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National Women's Organization Opposes HB 14

08 Jan 2014 8:49 AM | Anonymous

NEWS RELEASE: National women's organization opposes Alabama’s proposed HB 14.

The question we are asking is an obvious one; “do laws such as this truly PROTECT children?”

Alabama Representative Steve Hurst seems to think so. His previous years’ and newly introduced legislation, if enacted, would mandate the Department of Corrections to surgically castrate any person over the age of 21 who has been convicted of a sexual crime against a minor under the age of 12 years.

But a national women's organization is challenging the usefulness of such a law, asserting that it does nothing to increase community safety but seriously infringes upon the rights of registrants and those who are maintaining their innocence of any crime. If the intention is to have sexual offenders not be able to commit another crime against a child, then this legislation is a waste of time and tax payer’s dollars.

Empirical evidence proves that a person willing to offend sexually can and will do so, without the use of body parts. Further, many states’ ACLU organizations have fought and won court cases regarding castration of any means as a violation to the Constitution’s eighth amendment under Cruel and Unusual Punishment.  Additionally, a quote taken from the ACLU states, "The United States penal system effective or not is designed to protect society from harmful members and to rehabilitate those who can eventually rejoin society. Chemical castration does not make sex offenders ready to face society."

In an article published, "Thoughts on Castration for Sex Offenders." The Curvature. March 12th, 2009, states “The idea that it would stop the castrated rapists from raping again, as a general rule? I can believe that. But it won’t stop rape. Not even close. And in the process of stopping a few rapes while failing to stop the vast majority of them, a false sense of what rape is about is heavily stitched onto the public’s consciousness."


As a nationwide organization of wives, mothers, daughters, sisters and other family members, W.A.R. advocates for the rights of the families.  The public registry has evolved into a public ‘hit list” and there is no direct statement indicting “any person or group of persons who bring harm to a registrant OR any member of their family will be punished to the fullest extent of the law.  Aren’t all of us, as citizens, entitled to protection under the Constitution?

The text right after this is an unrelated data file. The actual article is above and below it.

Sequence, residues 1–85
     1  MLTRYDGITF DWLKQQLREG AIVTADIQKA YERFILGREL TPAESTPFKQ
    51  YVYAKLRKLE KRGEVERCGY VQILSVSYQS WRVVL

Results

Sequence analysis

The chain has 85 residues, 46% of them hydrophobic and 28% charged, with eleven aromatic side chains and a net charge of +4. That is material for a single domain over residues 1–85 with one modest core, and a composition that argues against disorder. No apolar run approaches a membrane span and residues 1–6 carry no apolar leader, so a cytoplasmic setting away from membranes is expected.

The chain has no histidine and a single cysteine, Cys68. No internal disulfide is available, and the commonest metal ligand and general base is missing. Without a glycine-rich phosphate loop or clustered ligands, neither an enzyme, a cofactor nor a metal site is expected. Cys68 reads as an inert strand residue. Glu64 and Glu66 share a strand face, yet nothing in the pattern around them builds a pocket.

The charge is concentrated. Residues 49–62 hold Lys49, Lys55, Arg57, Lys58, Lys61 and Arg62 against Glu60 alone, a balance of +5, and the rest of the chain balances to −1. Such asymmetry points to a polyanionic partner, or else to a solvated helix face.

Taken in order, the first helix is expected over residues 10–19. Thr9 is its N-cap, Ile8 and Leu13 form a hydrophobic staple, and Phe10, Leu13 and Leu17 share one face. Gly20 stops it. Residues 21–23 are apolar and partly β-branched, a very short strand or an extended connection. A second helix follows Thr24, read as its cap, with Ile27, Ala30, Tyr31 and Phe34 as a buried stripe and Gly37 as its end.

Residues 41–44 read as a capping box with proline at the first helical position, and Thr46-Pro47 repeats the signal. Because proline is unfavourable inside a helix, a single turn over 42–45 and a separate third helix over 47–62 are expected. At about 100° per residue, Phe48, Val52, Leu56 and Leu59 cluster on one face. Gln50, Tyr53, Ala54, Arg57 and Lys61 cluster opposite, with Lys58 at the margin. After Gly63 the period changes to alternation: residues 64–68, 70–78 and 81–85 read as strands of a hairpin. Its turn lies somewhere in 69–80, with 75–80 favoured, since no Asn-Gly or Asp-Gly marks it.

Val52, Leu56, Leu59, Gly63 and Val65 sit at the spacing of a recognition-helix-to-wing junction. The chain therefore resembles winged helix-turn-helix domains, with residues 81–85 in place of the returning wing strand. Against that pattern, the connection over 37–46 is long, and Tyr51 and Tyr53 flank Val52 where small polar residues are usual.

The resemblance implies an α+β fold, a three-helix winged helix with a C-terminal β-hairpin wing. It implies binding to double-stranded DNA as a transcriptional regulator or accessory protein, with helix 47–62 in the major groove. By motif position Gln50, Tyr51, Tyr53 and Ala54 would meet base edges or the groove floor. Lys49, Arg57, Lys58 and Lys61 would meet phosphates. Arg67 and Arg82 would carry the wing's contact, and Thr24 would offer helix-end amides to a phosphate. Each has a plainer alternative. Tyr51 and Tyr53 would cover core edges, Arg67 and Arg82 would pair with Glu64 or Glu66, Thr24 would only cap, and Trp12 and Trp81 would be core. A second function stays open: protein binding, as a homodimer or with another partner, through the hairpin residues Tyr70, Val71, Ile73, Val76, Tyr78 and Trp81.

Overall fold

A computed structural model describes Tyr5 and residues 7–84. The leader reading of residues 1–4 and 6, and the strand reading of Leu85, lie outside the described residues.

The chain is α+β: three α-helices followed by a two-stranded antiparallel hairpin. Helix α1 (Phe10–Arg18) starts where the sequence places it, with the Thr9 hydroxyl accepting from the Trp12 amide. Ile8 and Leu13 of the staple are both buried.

In a decision from the Supreme Court of the United States,( Skinner v. State of Okl. ex rel. Williamson, 316 U.S. 535, 541, 62 S. Ct. 1110, 1113, 86 L. Ed. 1655 (1942)), But the instant legislation runs afoul of the equal protection clause, though we give Oklahoma that large deference which the rule of the foregoing cases requires. We are dealing here with legislation which involves one of the basic civil rights of man. Marriage and procreation are fundamental to the very existence and survival of the race. The power to sterilize, if exercised, may have subtle, far reaching and devastating effects. In evil or reckless hands it can cause races or types which are inimical to the dominant group to wither and disappear. There is no redemption for the individual whom the law touches. Any experiment which the State conducts is to his irreparable injury. He is forever deprived of a basic liberty. We mention these matters not to reexamine the scope of the police power of the States. We advert to them merely in emphasis of our view that strict scrutiny of the classification which a State makes in a sterilization law is essential, lest unwittingly or otherwise invidious discriminations are made against groups or types of individuals in violation of the constitutional guaranty of just and equal laws. The guaranty of ‘equal protection of the laws is a pledge of the protection of equal laws.” 

Women Against Registry supports the findings and statements of the ACLU in regards to castration of anyone convicted of a sexual crime. “W.A.R. will stand beside the ACLU, The United States Supreme Court and any other organization to back any legal cases to protect the rights of all citizens in the United States, including those who are convicted of sexual offenses,” states Vicki Henry, President. “The effect is just the polar opposite in that it exposes registrants to discrimination and further imposes punitive punishments where our judicial system has failed to rehabilitate our citizens and prepare them for re-entry,” Ms. Henry adds.

"House Bill 14 unjustifiably discriminates against the rights of those convicted of sexual crimes as well as promotes a new type of public discrimination" says Kimberly DuBina, also of W.A.R..


As a matter of policy the organization and its members vigorously oppose any legislation that prohibits those convicted of sexual crimes in maintaining the same rights as any other citizen who have been sentenced and served their time for a crime.

Proponent D. R. Madison concluded, "We oppose any legislation that humiliates and places individuals as well as their families in harm’s way or punishes individuals for longer than their sentence requirements given by the courts."

For more information, visit www.womenagainstregistry.com,
contact@womenagainstregistry.comOR contact
Vicki Henry at 202-630-0345.

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